What is a sonnet Men Call You Fayre

Ans. What is a Sonnet?, A sonnet is a traditional verse form having fourteen iambic pentameter lines, with one of the following rhyme schemes:

Shakespearian: abab cdcd efef gg.

Petrarchan or Italian: abba abba cde cde

or abba abba ccd eed

There is usually a break in the sense between the octave (first eight lines) and sestes (last six lines), or, in the Shakespearian sonnet, the only break is sometimes before the final couplet. There are several other variations of the rhyme scheme.

what is a sonnet Men Call You Fayre
what is a sonnet Men Call You Fayre

Men Call You Fayre

“Men Call You Fayre” and Poor Soul, The Centre is sonnet is

prescribed in our syllabus.

Critical appreciation of “Men Call You Fayre”.

“Men Call You Fayre” is the 79the sonnet from Amoretti’ a series of eighty-eight sonnets by Spenser, that illustrates the course of his courtship with Elizabeth Boyle, the woman he later married.

‘Amoretti’ is an Italian term meaning ‘little loves’ or little cupids’. This sonnet sequence is not only a collection of ‘little loves’ but a carefully constructed series of glimpses into the world of fantasy.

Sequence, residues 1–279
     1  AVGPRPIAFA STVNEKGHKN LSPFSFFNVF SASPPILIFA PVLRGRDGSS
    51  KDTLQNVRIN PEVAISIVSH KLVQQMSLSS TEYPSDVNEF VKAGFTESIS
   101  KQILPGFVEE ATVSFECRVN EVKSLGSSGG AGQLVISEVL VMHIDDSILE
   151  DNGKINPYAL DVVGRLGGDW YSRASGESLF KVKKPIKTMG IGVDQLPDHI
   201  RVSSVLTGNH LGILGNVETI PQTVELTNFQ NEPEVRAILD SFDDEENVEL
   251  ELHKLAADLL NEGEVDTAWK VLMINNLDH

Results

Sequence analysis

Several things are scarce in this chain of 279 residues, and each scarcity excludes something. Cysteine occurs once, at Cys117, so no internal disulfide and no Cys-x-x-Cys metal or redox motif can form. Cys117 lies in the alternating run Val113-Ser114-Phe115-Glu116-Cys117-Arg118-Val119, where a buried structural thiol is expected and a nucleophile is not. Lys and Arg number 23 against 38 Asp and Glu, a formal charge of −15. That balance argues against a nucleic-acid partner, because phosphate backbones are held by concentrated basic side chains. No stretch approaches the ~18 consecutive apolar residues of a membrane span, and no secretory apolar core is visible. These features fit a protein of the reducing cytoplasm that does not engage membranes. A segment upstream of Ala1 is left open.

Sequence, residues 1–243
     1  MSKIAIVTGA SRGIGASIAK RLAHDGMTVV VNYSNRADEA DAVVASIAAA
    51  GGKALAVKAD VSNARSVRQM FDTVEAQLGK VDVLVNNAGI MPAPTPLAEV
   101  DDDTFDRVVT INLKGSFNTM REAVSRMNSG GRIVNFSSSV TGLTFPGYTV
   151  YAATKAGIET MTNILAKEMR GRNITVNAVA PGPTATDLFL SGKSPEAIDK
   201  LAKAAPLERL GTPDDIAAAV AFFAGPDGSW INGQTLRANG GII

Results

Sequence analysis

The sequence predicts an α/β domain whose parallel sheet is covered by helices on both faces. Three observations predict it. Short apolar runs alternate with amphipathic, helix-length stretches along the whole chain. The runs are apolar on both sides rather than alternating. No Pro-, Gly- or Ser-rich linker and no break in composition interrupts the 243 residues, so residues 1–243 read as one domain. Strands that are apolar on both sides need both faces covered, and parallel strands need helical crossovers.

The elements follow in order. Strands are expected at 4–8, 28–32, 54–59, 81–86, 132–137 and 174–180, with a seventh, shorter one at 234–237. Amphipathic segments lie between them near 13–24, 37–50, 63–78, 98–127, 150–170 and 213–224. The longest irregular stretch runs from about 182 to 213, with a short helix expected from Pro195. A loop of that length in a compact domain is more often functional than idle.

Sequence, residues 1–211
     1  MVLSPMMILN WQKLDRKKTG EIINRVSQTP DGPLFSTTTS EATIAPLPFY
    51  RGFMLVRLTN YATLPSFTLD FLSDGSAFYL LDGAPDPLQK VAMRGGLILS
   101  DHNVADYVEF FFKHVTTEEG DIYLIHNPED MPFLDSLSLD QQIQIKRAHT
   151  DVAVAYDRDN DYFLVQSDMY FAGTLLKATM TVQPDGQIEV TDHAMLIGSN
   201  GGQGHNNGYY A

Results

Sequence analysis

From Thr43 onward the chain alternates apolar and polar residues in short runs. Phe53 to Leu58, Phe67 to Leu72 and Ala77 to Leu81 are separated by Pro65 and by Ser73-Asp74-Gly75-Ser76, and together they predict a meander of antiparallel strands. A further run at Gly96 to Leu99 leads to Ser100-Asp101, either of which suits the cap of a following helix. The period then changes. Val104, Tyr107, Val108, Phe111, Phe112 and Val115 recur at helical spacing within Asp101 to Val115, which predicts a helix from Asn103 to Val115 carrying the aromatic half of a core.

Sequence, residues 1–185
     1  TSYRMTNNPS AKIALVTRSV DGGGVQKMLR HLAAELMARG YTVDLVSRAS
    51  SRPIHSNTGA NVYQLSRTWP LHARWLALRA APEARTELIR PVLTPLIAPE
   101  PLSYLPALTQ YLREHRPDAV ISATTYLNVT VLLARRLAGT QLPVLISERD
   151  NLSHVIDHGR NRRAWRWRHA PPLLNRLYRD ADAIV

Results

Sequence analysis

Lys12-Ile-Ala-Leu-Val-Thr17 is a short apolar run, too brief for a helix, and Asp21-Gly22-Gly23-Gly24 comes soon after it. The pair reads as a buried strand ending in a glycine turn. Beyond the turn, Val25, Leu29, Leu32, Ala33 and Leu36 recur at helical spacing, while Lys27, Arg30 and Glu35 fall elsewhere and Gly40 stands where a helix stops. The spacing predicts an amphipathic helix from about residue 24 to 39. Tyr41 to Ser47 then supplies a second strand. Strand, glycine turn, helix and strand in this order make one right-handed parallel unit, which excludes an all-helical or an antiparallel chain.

In the sonnet, Spenser expresses his idea of true, ever-lasting beauty. He considers spiritual beauty far more important than physical beauty. A beautiful person or object will lose physical charm but the true beauty of the spirit shall remain eternal.

what is a sonnet Men Call You Fayre
what is a sonnet Men Call You Fayre

Such beauty shall be derived from Divine Beauty and hence remain permanent and everlasting. The beloved is not considered just simply flesh’ but the poet considers the ‘spiritual’ being in her.

It is this spiritual beauty that he would seek to worship because doing so would be worshipping the Divine soul. That the sonnet emphasizes spiritual and intellectual beauty in a woman rather than the physical is a strikingly different feature.

This sonnet varies from the standard English pattern found in Shakespeare and combines French and English verse tradition. Though it consists of three quatrains and a final couplet, the rhyme scheme being abab, bcbc, cdcd, ee is noticeable.

Spenser here compares physical beauty with inward, spiritual beauty in a puritanical manner. Like all Renaissance men, he was alarmed by signs of returning class in the world but believed in love as an inexhaustible source of beauty and order.

This sonnet clearly exhibits the Renaissance characteristic of Neoplatonism in which Physical elements merge with spiritual ones and are transformed into heavenly beauty of God Himself.

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